Let’s face it, 2016 was not a good year for a lot of reasons and it’s not because a lot of famous musicians and celebrities died.
This past year was a hard slap in the face to many. Now that hard whack has got your attention, brace yourselves for an interesting 2017 in Alberta and Saskatchewan.
In Alberta, a lot of people struggled financially as the markets sagged, unemployment was high (nine per cent in November in Alberta, the highest since 1994, including the loss of 46,000 jobs in the petroleum in the last two years), and there was talk of higher costs.
These costs are due to a number of different factors including a higher minimum wage which restaurant owners say they cannot sustain and will pass the costs to the customer through higher meal prices. There’s also the fact the dreaded carbon tax will start Jan. 1. Now while Rachel Notley and Justin Trudeau have defended each other with the implementation of the carbon tax , the Canadian Taxpayers Federation says it will cost Alberta families an average of $600 extra per household with rebates from the government ranging from $300-$420, depending on household income. The talk is $20 per tonne in 2017 and $30 per tonne in 2018. What this means in 2017 is that there is a carbon levy to consumers on fuels which release carbon, so for example, gasoline is charged an extra 4.5 cents per litre, diesel is charged an extra 5.3 cents per litre, propane an extra three cents and natural gas is over a dollar per gigajoule.
To those who can afford it, it is a pain in the behind, but not really an issue. Where it becomes an issue is for those who are struggling to make ends meet each month. Notley has made comments in the media that people will just start having to take the bus more, walk or buy a more fuel-efficient vehicle, which of course is great comfort to those who live far away from their low-paying jobs and can’t afford to buy a new vehicle in the first place.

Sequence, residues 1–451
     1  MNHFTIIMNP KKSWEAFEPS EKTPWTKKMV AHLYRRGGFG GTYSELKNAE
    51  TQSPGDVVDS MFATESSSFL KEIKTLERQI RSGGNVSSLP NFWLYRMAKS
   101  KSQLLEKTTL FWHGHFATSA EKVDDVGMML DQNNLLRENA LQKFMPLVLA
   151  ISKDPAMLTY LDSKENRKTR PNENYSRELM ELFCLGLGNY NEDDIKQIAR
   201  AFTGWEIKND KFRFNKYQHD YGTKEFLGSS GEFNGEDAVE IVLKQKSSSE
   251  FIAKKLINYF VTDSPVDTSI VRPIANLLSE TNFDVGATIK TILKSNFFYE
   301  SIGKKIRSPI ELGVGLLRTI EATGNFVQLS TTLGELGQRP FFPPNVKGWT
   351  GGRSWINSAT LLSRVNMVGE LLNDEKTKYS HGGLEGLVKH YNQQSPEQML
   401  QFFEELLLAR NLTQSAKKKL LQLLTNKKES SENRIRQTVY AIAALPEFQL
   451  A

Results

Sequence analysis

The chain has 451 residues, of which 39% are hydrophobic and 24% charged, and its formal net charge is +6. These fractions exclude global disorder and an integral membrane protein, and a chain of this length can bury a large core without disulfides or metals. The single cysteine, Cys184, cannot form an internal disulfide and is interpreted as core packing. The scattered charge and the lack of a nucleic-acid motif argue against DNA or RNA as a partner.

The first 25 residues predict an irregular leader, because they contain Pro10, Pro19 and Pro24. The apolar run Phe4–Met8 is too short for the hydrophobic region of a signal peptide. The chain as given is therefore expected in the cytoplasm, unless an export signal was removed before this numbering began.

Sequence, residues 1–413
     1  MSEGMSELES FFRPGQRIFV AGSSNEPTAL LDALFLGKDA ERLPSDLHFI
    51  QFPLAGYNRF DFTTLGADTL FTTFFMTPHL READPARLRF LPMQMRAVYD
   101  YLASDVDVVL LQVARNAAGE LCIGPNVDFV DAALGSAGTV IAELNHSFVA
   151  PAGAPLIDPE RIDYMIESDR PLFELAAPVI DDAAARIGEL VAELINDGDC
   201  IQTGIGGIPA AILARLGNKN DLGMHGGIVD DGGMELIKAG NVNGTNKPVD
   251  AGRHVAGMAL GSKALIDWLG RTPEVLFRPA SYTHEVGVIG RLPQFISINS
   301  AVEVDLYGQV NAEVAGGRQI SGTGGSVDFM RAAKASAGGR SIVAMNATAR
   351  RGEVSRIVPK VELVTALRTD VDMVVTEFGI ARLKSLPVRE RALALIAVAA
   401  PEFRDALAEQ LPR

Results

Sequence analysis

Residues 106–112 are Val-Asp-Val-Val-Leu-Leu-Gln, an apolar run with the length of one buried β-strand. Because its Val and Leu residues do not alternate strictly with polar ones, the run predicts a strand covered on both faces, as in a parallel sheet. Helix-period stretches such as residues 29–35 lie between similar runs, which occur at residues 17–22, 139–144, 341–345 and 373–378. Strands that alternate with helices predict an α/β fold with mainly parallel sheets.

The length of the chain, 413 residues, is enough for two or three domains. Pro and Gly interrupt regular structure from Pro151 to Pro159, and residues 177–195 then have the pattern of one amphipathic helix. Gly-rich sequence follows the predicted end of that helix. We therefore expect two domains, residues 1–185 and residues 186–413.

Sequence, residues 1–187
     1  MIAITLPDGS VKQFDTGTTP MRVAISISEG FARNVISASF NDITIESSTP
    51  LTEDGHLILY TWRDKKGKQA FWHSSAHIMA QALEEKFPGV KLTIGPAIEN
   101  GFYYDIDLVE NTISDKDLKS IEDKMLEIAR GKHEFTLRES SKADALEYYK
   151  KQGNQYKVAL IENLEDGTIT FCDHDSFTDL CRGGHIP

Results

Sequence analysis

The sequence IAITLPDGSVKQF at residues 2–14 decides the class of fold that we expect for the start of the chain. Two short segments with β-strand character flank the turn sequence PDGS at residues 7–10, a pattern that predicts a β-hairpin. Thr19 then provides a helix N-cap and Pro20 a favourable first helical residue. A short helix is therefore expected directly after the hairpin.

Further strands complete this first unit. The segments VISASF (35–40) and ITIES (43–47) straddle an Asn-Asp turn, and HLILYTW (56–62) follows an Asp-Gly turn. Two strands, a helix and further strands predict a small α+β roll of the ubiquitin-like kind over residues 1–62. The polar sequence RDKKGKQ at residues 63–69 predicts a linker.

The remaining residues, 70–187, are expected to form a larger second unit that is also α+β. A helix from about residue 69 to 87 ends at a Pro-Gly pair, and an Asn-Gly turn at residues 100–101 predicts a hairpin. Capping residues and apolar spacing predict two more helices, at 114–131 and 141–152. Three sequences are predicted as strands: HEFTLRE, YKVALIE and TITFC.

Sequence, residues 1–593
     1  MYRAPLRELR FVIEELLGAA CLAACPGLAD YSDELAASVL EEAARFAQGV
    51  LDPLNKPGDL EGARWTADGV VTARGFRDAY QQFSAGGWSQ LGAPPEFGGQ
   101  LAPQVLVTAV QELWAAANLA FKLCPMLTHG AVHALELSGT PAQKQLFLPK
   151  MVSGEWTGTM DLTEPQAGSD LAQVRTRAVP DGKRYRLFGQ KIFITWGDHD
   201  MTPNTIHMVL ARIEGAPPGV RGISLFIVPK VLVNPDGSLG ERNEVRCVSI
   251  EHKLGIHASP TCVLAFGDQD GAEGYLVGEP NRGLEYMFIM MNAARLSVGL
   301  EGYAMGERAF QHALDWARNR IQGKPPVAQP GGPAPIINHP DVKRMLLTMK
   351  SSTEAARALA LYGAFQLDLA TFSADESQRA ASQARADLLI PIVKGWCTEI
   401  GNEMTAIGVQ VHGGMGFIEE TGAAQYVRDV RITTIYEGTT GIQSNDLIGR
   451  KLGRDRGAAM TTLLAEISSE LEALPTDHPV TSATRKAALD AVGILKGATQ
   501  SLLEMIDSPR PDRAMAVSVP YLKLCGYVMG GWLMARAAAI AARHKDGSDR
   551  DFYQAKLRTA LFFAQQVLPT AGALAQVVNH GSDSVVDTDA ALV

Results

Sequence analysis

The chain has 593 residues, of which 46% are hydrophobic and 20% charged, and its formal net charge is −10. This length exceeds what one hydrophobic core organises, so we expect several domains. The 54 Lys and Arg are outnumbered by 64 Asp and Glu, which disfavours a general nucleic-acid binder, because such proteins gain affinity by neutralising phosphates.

That’s just personal use. Consumers, and those in the agriculture-based industries, will undoubtedly have to pay extra for a lot of items which need to be delivered, including goods and services.
While Trudeau and Notley defend the carbon tax and other policies, Albertans have to adjust. There were a lot of people caught off guard by the downturn and weren’t necessarily prepared to change the status quo including their spending habits. While for some it isn’t their fault they are or soon will be short-handed as they have never had high-paying jobs, the lure of a consumer-driven society and materialistic gains and of course Christmas will also cause an extra shock to the system in January 2017 for many.
Then there will be the high credit card bills already adding to their debts. The average debt load according to Equifax Canada earlier this year was $28,000 per household — not including mortgages. Spending will have to be curtailed.
Throw in the bovine tuberculosis situation in Alberta where there is still some uncertainty regarding the cattle industry. There seemed to be some encouraging information regarding the containment of the disease Dec. 21 as the Alberta government and the Canadian Food Inspection Agency said no new cases had been found.
However, the bovine TB situation isn’t over yet and with testing not starting up again until after the holidays, there is the possibility it could flare up again. Hopefully this isn’t the case as the petroleum industry’s world prices are beginning to recover and a hit to agriculture at the same time, will mean not a lot of driving around the province.
In Saskatchewan, Brad Wall faces the same issues with petroleum. He is opposed to the carbon tax so will have to figure out a plan as the federal government insists on implementing legislation in 2018 no matter what. Wall has said repeatedly there will be no carbon tax implemented by him. Then what?
Unemployment is at 36,700 (latest numbers from November) and there was no health funding agreement with the federal government during mid-December meetings with all of the provinces.
Saskatchewan is mired in debt and it has to get paid off somehow. Tax increases or program cuts. Yuck. 2016 difficult? Sure, but going into 2017, people in Alberta and Saskatchewan — residents and politicians alike — will have to find a way to make things work and become even more efficient than they have ever been.
It won’t be easy.